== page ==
PM calls for better relationship between police, young men
POLICE IN St Vincent and the Grenadines are being encouraged to utilize a more sensitive approach when dealing with young people.
This call has come from Prime Minister Dr Ralph Gonsalves while speaking at his first press conference for the year, earlier this week.
“I am concerned that some police officers who are confronting persons who are not hardened criminals – because persons who are hardened criminals as I said before, you not obliged to recite the beatitudes to them – but I want to make a plea for a better relationship between the police and young men on the block for a greater understanding of each other,” he said. “These men on the block, they have their rights, individual rights and freedoms. Some matters have come to my attention where there is plausible allegations that sometimes, some police officers are not as scrupulous as they ought to be in their professional pursuit of their duties and within the four walls of the law.”
The Prime Minister said that he recently had the opportunity to speak with some youths and he invited the Commissioner and other senior police officers to be a part of the conversation.
And Gonsalves, who is the minister with responsibility for national security,said that there are some things that came out of that conversation that the police ought to pay attention to.
One such issue is that of police officers not returning items that they have confiscated in a prompt manner, once investigations are concluded.
“A policeman cannot be a bandit. You can’t take away somebody’s gold chain or bangle and don’t make a proper record of them and if you have reasonable suspicion that they were stolen or unlawfully obtained, they must be returned with promptitude if your reasonable suspicion is not well grounded, if it turns out that that’s not the case,” he said.
“You can’t be too busy and then the next thing you know, you leave it there and people can’t get their gold chain or bangle. No, we are training the police better than ever before, the policemen and women who are entering the force are more highly qualified in terms of their formal education.”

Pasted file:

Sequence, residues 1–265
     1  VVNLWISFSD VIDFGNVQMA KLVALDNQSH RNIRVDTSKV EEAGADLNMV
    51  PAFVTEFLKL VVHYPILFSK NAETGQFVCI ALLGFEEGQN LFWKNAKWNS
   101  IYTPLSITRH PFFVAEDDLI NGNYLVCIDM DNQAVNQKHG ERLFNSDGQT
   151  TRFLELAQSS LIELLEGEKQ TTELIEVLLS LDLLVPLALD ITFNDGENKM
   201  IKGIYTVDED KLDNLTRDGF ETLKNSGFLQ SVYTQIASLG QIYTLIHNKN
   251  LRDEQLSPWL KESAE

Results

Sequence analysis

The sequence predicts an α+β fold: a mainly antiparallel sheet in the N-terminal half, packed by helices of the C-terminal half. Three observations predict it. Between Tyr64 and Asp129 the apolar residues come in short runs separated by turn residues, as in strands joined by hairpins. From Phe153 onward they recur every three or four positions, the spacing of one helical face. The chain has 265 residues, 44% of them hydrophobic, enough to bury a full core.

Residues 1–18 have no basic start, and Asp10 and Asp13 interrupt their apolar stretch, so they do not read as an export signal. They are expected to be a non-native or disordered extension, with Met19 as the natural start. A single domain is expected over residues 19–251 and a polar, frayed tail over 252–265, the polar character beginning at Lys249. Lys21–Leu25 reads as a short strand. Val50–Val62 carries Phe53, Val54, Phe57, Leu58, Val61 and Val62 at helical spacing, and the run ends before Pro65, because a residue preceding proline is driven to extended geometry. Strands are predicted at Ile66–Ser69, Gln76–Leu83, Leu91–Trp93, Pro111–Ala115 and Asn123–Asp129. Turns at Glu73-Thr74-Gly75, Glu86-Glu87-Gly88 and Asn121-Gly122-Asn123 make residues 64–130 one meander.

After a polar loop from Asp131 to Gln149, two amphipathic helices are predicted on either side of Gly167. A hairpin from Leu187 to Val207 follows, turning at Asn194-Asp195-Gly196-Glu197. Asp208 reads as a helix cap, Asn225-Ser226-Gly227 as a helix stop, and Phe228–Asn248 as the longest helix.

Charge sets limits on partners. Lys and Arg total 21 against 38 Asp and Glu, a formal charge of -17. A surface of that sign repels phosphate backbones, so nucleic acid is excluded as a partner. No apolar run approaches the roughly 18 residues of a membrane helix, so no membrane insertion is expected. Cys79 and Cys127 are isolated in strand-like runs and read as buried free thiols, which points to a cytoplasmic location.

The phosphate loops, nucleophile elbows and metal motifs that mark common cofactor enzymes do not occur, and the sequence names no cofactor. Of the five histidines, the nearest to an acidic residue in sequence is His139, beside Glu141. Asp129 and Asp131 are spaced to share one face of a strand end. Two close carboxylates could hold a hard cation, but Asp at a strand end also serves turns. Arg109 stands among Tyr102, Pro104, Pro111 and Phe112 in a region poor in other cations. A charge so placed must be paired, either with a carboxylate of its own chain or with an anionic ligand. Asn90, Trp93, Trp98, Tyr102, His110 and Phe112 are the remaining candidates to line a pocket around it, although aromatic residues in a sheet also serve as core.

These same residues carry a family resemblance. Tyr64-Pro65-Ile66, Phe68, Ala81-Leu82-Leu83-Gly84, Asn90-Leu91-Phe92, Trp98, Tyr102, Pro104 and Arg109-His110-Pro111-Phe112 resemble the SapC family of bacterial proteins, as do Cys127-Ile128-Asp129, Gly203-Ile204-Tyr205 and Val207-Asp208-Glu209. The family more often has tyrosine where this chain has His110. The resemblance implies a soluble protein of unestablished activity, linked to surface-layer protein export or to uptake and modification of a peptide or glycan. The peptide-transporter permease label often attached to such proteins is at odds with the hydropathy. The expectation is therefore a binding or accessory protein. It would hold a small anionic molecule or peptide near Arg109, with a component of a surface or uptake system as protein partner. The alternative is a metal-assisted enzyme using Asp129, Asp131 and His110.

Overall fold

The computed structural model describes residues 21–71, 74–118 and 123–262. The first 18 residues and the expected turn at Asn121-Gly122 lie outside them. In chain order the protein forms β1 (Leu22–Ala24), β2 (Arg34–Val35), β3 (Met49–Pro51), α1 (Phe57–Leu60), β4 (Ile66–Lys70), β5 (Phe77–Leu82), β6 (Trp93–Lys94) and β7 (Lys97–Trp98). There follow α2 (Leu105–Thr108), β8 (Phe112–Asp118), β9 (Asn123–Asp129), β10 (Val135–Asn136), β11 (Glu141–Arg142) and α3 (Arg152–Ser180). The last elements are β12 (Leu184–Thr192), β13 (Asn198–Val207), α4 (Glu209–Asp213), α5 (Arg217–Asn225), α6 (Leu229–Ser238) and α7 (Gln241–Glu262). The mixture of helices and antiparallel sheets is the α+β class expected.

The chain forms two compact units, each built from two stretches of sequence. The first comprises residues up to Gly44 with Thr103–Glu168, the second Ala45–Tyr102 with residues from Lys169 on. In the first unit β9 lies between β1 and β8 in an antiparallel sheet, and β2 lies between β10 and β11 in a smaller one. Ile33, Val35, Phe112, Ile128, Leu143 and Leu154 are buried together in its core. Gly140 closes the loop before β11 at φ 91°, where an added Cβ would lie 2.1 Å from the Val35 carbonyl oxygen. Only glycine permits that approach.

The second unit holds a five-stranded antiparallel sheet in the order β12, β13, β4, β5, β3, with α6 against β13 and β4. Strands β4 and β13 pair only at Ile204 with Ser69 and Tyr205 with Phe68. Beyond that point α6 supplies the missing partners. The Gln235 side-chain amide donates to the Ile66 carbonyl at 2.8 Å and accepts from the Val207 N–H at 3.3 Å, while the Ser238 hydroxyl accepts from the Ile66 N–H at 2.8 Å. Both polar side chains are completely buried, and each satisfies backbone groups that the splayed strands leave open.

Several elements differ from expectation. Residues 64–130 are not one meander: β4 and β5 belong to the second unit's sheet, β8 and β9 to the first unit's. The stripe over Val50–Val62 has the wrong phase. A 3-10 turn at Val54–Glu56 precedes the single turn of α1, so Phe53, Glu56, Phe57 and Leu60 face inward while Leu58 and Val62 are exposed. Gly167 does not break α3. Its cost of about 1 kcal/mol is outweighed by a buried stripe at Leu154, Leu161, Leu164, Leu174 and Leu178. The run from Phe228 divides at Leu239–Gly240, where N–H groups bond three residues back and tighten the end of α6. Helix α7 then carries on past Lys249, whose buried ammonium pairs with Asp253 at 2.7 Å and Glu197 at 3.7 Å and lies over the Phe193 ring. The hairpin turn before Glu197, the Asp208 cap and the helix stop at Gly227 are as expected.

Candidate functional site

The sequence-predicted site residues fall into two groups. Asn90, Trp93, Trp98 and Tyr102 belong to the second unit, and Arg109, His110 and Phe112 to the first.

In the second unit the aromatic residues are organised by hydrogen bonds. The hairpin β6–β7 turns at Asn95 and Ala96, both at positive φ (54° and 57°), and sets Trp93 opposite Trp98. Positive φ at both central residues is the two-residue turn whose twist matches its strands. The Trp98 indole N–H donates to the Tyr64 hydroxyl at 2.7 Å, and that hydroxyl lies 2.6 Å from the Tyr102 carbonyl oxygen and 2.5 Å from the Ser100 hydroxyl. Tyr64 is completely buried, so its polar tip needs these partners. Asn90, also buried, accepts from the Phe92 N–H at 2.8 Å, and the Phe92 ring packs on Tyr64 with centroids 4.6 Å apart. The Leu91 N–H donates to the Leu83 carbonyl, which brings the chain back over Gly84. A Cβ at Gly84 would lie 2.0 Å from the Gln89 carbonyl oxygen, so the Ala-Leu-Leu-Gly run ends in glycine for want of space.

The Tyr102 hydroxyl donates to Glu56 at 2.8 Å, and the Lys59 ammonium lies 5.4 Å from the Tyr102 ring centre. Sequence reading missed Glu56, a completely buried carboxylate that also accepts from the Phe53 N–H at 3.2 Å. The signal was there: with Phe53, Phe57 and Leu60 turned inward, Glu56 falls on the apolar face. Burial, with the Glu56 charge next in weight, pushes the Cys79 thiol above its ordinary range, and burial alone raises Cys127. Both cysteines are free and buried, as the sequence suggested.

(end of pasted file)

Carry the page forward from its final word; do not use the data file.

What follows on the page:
The prime minister also said that as police, officers should exercise respect and should not go around destroying people’s property.
He said that in a small country, everyone has to do his or her best to live in peace and exercise tolerance. And he said that if police don’t function in a sensitive manner in relation to young people, then more problems would arise in addition to those that already exist.
The national security minister said that some police officers who “may engage in gratuitous violence” risk undermining positive initiatives by the police force such as the Pan Against Crime and Police Youth Club programmes.
“If you meet hardened criminals, you have to know how to deal with them, but I’m calling for good sense, especially also in light of when persons are going to be allowed under the law to have up to two ounces of cannabis, there’ll be a fine, but not a criminal record; that the tolerance which they use normally, they must continue to use tolerance and try to be professional at all times,” Gonsalves said.
He acknowledged that police have a difficult job, but “ I think at the beginning of this new year, I’d be less than honest if I didn’t say things to put matters in a balanced perspective”.